- NYT’s David Brooks: Obama has ‘manhood problem’ in Middle East
- Ted Cruz thanks Obama for denying visas to terrorists
- Survivors recall chaos, fear in Everest avalanche
- General Mills apologizes for ‘right to sue’ confusion, reverses policy
- Dealer wanted in U.S. for art fraud nabbed in Spain
- Easter morning delivery for space station
- Boxer Rubin ‘Hurricane’ Carter dies at 76
- Probe could complicate Rick Perry’s prospects
- Ukraine, Russia trade blame for eastern shootout
- Obamas head to church on Easter morning
Women losing coverage under Obamacare, too
Topic - Kellyanne Conway
With his new emphasis on creating government policy through executive fiat, President Obama is betting he will fire up his Democratic base more than he will infuriate Republican voters in this year's midterm elections.
With the arduous campaign to succeed Mayor Michael Bloomberg finally in its final stage, New Yorkers now have their choices before them: stick with policies that have kept the city relatively safe and prosperous, or break from a past that some residents complain has nurtured income inequality and racial divisions.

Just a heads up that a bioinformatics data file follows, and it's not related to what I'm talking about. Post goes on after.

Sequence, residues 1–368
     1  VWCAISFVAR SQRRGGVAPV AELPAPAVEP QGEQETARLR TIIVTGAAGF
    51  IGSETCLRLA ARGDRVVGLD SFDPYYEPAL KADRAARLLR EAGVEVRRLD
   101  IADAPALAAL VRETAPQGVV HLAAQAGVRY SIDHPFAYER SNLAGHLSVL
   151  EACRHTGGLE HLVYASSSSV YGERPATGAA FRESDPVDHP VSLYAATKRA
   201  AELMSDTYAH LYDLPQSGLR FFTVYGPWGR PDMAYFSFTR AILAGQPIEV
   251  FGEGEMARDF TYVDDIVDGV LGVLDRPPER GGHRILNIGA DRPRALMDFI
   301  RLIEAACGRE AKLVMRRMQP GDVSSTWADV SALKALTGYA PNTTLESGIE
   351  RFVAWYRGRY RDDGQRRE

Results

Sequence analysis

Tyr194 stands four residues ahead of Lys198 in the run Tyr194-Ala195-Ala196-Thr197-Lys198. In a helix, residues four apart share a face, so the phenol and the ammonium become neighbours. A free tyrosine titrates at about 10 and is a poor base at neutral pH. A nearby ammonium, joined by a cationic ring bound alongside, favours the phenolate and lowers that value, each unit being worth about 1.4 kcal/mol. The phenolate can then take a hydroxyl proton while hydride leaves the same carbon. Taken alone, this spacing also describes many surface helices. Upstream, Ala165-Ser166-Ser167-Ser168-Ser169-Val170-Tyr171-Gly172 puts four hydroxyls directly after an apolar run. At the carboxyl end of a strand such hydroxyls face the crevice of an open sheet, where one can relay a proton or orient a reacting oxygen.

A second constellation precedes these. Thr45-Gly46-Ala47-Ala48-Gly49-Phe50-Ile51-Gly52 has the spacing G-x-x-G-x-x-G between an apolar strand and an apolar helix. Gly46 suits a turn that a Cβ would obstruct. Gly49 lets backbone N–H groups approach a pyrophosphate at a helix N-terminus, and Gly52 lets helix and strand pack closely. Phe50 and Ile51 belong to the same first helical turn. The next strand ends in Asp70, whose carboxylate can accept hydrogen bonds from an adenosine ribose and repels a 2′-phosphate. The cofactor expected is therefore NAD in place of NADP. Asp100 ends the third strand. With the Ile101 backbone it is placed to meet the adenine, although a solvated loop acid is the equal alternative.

"It's much easier to enrage and engage voters from the party out of power if you insist on running an imperial presidency," Ms. Conway said. "You've pledged publicly in your State of the Union to ignore Congress, and therefore the Constitution, if you get the chance."
"There's great indication now that the disappointment and disillusionment with Obamacare is spilling over into the view of government generally among youth," Ms. Conway said. "If one of their major goals was to get youth to think about the government in a more benevolent, generous, accepting terms, they're failing."